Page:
A Yemeni mother has been granted permission to visit her dying child in a US hospital after she was initially barred because of the Trump administration's travel ban.
A mother from Yemen was granted Tuesday her wish to see her dying toddler one last time in the United States, which agreed to issue her a waiver from its ban on citizens from several Muslim-majority countries.
Two-year-old Abdullah Hassan, a US citizen like his father, suffers from a rare genetic brain condition and is on life support in a hospital in Oakland, California.
But his mother, Shaima Swileh, had been unable to join him due to President Donald Trump's order barring visitors from six countries including Yemen.
After a tearful televised plea from the boy's father prompted public outrage, the US embassy in Cairo issued a visa for Swileh, who has been living temporarily in Egypt.
She will arrive in San Francisco late Wednesday, according to the Council on American-Islamic Relations, the Muslim civil rights group that assisted the family.
"This is the happiest day of my life," her husband, Ali Hassan, said in a statement.
"This will allow us to mourn with dignity."
Hassan said he had been ready to take his son off life support last week after doctors said the case was terminal, with his wife only receiving automated replies when inquiring with US authorities on her visa application.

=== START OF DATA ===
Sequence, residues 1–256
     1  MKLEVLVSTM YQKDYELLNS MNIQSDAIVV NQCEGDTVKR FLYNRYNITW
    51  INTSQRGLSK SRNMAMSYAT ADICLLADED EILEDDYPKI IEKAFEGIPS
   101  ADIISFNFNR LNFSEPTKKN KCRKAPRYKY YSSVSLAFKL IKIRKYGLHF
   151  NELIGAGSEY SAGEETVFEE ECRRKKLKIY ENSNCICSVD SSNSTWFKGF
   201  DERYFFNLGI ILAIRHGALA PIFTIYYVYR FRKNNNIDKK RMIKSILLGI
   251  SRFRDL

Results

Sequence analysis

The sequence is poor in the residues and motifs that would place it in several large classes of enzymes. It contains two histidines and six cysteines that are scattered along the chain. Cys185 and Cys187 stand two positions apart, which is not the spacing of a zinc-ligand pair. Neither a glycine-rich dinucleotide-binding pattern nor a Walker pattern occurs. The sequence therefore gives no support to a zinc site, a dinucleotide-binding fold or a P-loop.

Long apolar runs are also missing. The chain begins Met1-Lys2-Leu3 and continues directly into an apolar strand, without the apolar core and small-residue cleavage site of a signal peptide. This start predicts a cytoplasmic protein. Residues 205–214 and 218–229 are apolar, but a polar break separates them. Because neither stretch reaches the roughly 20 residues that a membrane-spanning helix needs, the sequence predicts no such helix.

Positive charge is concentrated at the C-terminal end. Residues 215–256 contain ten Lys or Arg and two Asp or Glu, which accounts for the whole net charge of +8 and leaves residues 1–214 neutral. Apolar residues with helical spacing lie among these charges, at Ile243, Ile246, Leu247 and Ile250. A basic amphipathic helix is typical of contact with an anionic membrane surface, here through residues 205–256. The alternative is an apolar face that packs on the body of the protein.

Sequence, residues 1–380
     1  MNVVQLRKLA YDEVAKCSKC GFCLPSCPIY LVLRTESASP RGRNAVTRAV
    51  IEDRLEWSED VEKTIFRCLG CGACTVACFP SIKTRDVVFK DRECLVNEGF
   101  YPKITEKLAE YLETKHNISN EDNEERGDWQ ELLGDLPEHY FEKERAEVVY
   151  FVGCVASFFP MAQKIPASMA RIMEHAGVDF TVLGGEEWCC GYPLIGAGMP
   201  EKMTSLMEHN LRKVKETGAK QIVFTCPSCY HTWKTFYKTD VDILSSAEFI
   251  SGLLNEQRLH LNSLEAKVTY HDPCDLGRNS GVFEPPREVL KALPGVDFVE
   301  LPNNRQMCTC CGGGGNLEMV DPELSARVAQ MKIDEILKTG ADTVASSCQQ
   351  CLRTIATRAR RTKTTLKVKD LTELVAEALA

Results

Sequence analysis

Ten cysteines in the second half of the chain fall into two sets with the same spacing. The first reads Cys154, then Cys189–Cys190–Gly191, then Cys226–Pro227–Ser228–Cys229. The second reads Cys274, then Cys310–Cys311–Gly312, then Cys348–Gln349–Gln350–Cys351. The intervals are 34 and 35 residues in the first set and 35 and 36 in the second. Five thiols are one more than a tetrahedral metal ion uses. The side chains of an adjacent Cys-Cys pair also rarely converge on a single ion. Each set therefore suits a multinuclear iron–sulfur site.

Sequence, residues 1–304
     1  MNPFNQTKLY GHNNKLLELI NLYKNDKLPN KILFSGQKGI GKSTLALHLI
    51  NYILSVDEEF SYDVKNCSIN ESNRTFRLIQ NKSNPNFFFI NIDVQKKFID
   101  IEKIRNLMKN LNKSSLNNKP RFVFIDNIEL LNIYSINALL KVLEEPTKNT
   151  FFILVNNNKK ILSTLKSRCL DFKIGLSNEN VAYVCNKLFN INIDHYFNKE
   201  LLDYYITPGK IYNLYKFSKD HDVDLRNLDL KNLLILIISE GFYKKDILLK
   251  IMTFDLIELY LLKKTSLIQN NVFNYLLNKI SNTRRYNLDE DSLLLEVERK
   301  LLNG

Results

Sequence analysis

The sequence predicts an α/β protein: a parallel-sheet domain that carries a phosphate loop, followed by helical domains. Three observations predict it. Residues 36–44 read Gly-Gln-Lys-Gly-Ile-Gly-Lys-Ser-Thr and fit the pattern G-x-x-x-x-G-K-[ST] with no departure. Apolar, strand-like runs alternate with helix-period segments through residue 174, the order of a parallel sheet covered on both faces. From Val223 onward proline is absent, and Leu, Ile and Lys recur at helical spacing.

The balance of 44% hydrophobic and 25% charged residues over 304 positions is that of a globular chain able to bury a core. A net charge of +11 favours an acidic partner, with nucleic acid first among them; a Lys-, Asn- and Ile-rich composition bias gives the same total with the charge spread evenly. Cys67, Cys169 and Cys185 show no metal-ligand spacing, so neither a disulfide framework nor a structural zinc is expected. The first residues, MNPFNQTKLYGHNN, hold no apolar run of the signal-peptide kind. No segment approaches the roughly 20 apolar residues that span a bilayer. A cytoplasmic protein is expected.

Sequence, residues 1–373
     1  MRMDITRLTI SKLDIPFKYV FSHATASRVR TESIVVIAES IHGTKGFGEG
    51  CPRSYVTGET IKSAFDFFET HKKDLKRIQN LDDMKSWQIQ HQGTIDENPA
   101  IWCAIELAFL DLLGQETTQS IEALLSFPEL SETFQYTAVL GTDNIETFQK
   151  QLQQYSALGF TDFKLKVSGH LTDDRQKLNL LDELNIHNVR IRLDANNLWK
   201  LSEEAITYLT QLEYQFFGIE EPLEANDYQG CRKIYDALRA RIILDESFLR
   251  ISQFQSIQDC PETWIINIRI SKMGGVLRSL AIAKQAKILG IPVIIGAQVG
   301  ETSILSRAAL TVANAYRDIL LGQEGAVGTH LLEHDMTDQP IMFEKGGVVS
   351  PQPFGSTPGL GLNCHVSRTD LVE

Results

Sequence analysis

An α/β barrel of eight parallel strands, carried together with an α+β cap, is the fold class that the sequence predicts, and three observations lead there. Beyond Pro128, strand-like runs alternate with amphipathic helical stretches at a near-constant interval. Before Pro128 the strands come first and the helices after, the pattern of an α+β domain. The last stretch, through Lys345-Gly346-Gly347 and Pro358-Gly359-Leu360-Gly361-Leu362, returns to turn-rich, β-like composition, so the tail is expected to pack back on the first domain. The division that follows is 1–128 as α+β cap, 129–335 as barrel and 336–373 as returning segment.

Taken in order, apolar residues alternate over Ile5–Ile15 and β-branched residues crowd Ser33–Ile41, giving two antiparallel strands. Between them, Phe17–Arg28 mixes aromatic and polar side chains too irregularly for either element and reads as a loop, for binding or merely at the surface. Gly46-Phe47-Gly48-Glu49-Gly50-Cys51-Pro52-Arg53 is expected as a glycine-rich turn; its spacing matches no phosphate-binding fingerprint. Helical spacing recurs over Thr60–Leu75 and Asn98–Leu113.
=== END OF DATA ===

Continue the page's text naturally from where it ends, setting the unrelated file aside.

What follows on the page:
The Council on American-Islamic Relations launched a campaign that it said prompted 15,000 emails to elected officials as well as thousands of tweets.
Abdullah's grandfather earlier told the San Francisco Chronicle that Swileh was crying every day as she wanted to see her son "one last time."
"To hold him for at least a minute. She's not going to see him forever," he said.
Many more families affected
Representative Barbara Lee, a Democrat who represents Oakland and took up Swileh's case, had described denying the mother a visa as a level of cruelty that "takes my breath away."
She voiced relief at the waiver but added: "So many families are still torn apart by the heinous travel ban."
"We can't stop until we end this un-American policy for good," she wrote on Twitter.
State Department spokesman Robert Palladino voiced sympathy for the family in the "very sad case."
But he said that visas are "decided on a case-by-case basis" in accordance with US laws.
The State Department is "ensuring the integrity and security of our country's borders and at the same time making every effort to facilitate legitimate travel to the United States," he told reporters.
"These are not easy questions."
But such exceptions to Trump's ban are exceedingly rare. The American Civil Liberties Union, which opposes Trump's order, said that only two per cent of applicants have been granted waivers.
Trump vowed during the 2016 campaign to ban all Muslims from entering the US, despite constitutional protections of freedom of religion, after a mass shooting in California by a couple of Pakistani descent.
In an executive order that triggered chaos before court challenges and revisions, Trump blocked new visas to nearly all citizens of five Muslim-majority countries - Iran, Libya, Somalia, Syria and Yemen - as well as North Korea and some officials from Venezuela.
A divided Supreme Court in June upheld the ban, which it said was within the president's powers.